MOSCOW (MRC) -- Saudi Arabia, the world’s biggest oil exporter, is looking at investing USD100 billion in India in areas of petrochemicals, infrastructure and mining among others, considering the country’s growth potential, said Elevenmyanmar.
Saudi Ambassador Dr Saud bin Mohammed Al Sati has said India is an attractive investment destination for Saudi Arabia and it is eyeing long-term partnerships with New Delhi in key sectors such as oil, gas and mining.
"Saudi Arabia is looking at making investments in India potentially worth USD100 billion in the areas of energy, refining, petrochemicals, infrastructure, agriculture, minerals and mining," Al Sati told PTI in an interview.
He said Saudi Arabia’s biggest oil giant Aramco’s proposed partnership with Reliance Industries Ltd reflected the strategic nature of the growing energy ties between the two countries.
The envoy said investing in India’s value chain from oil supply, marketing, refining to petrochemicals and lubricants is a key part of Aramco’s global downstream strategy.
"In this backdrop, Saudi Aramco’s proposed investments in India’s energy sector such as the USD44 billion West Coast refinery and petrochemical project in Maharashtra and long term partnership with Reliance represent strategic milestones in our bilateral relationship," he said.
The envoy said the vision 2030 of Crown Prince Mohammed bin Salman will also result in significant expansion of business between India and Saudi Arabia in diverse sectors.
Under vision 2030, Saudi Arabia plans to diversify its economy while reducing its economic dependence on petroleum products.
Saudi Arabia is a key pillar of India’s energy security, being a source of 17 per cent or more of crude oil and 32 per cent of LPG requirements of India.
The envoy said more than 40 opportunities for joint collaboration and investments across various sectors have been identified between India and Saudi Arabia in 2019, adding the current bilateral trade of USD34 billion will undoubtedly continue to increase.
As MRC informed earlier, Saudi Aramco, which temporarily lost half of its oil production following the September 14 attacks on two key oil facilities, is running its local refineries at full capacity and is forging ahead with plans to start up new refineries. The company is also starting up a joint venture refinery in Malaysia next year. According to Aramco's bond prospectus released in April, the refining and petrochemical joint venture with Petronas - the Malaysian national oil company - collectively known as PRefChem, was supposed to start this year.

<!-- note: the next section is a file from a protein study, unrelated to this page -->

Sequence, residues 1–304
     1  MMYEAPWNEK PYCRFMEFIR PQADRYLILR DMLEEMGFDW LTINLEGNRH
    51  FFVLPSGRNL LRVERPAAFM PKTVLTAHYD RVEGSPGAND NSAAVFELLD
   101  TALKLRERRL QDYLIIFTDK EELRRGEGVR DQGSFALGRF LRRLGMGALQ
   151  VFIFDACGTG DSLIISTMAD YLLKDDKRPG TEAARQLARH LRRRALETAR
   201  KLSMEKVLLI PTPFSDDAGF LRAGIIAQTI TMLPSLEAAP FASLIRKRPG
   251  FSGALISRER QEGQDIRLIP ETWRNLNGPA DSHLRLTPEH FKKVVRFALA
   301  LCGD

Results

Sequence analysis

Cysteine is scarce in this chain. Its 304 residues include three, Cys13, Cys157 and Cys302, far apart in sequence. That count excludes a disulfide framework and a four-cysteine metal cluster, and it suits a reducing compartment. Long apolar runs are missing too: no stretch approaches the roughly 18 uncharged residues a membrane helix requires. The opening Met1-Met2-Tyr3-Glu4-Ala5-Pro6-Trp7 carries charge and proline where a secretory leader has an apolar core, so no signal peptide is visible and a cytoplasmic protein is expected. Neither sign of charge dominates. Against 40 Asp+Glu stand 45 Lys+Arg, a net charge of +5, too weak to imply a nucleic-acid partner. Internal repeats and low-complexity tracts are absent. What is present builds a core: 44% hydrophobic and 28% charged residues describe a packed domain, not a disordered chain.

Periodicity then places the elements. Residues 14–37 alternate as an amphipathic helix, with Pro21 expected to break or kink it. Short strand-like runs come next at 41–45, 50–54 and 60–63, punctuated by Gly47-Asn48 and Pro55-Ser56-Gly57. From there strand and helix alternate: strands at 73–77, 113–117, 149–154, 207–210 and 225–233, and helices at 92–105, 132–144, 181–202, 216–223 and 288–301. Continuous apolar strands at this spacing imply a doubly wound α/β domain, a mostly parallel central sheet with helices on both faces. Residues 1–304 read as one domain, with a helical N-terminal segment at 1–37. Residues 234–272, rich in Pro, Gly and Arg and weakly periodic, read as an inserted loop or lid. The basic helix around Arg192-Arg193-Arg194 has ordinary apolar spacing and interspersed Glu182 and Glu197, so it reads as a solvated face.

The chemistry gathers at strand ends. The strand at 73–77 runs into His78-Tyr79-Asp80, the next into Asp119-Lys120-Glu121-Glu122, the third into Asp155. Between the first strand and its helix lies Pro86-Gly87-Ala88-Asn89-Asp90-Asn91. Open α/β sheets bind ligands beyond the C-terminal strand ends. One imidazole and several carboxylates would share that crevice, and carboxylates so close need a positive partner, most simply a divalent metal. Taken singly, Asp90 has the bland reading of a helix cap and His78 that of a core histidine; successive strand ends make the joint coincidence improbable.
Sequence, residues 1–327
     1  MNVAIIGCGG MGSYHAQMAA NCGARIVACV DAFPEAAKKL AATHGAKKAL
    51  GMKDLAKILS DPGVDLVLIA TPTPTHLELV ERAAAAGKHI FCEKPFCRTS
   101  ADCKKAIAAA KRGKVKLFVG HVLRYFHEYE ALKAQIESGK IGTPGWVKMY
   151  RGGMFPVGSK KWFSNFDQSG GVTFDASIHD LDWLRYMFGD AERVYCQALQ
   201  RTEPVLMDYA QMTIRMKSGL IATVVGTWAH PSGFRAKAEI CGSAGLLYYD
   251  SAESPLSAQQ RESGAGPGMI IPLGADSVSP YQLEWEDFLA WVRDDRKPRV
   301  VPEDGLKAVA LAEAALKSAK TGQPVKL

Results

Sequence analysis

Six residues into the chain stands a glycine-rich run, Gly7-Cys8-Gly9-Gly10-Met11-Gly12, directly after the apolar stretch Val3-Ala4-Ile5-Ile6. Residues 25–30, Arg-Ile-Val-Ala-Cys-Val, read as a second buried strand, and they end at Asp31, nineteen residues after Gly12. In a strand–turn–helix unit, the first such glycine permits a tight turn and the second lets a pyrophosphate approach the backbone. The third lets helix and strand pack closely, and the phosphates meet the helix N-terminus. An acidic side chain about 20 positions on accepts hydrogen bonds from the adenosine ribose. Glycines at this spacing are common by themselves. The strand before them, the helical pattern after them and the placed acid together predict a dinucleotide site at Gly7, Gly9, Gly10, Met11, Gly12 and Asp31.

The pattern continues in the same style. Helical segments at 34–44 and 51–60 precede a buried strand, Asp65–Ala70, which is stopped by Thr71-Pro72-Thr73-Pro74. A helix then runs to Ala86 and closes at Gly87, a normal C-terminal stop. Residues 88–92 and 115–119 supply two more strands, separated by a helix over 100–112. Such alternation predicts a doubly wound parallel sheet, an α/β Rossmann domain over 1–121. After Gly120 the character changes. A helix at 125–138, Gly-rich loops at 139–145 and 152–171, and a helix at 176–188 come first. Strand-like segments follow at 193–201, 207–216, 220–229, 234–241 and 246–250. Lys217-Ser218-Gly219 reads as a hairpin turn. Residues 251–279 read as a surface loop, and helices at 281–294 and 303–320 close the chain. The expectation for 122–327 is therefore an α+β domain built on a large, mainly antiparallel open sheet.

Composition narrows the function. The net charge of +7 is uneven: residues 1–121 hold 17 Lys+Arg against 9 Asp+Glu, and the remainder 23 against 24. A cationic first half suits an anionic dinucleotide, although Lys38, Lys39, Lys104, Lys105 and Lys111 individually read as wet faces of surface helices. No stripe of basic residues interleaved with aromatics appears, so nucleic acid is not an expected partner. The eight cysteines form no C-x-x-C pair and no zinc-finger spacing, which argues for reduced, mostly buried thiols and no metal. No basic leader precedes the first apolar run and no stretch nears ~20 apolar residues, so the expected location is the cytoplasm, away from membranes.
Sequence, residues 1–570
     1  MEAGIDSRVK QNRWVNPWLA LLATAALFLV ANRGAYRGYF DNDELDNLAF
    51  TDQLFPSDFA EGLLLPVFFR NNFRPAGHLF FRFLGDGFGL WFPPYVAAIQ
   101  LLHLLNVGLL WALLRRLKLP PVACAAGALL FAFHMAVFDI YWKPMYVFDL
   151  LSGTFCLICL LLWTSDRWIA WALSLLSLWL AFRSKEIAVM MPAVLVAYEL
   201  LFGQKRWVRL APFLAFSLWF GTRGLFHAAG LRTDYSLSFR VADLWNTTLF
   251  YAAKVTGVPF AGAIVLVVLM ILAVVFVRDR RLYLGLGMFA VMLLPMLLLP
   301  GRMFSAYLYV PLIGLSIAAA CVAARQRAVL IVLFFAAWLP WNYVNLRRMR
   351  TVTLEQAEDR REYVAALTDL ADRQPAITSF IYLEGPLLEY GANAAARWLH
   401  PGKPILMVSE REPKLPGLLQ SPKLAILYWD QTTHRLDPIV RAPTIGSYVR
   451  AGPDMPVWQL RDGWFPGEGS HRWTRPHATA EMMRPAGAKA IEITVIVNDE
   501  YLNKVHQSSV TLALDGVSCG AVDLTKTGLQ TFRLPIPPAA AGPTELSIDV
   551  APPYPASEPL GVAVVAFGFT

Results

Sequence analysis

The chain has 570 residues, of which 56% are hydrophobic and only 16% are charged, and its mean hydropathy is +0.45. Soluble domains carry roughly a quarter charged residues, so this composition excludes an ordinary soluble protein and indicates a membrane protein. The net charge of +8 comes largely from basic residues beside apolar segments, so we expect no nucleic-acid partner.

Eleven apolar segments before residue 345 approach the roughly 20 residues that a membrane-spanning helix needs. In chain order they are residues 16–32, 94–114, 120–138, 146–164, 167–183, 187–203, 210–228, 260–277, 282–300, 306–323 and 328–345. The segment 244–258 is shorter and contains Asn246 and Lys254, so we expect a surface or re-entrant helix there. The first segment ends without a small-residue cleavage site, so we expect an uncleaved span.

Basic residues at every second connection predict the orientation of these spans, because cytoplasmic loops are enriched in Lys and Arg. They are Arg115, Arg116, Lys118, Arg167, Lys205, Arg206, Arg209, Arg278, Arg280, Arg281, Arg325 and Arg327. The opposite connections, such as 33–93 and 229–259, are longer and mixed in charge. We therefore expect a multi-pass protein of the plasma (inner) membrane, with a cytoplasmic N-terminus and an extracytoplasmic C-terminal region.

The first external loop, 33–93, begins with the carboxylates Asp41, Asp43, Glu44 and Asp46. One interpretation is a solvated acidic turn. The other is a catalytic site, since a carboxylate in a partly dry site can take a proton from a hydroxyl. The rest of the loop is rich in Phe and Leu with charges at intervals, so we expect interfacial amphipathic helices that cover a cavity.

The PRefChem joint venture includes a 300,000 b/d refinery, an integrated steam cracker with capacity to produce 1.3 million mt of ethylene located in Johor, Malaysia. Aramco was supposed to provide a significant portion of PRefChem's crude supply under a long-term supply agreement. Jazan and PrefChem will help Aramco reach a gross refining capacity of 5.6 million b/d, it said in the prospectus. The company currently owns and has stakes in four refineries abroad with a total refining capacity exceeding 2 million b/d.
Ethylene and propylene are feedstocks for producing polyethylene (PE) and polyprolypele (PP).
According to MRC's ScanPlast report, Russia's estimated PE consumption totalled 1,436,390 tonnes in the first eight months of 2019, up by 9% year on year. Shipments of all PE grades increased. At the same time, the PP consumption in the Russian market was 909,260 tonnes in January-August 2019, up by 10% year on year. Shipments of PP block copolymer and homopolymer PP increased.
Saudi Aramco is an integrated oil and chemicals company, a global leader in hydrocarbon production, refining processes and distribution, as well as one of the largest global oil exporters. It manages proven reserves of crude oil and condensate estimated at 261.1bn barrels, and produces 9.54 million bbl daily. Headquartered in Dhahran, Saudi Arabia, the company employs over 61,000 staff in 77 countries.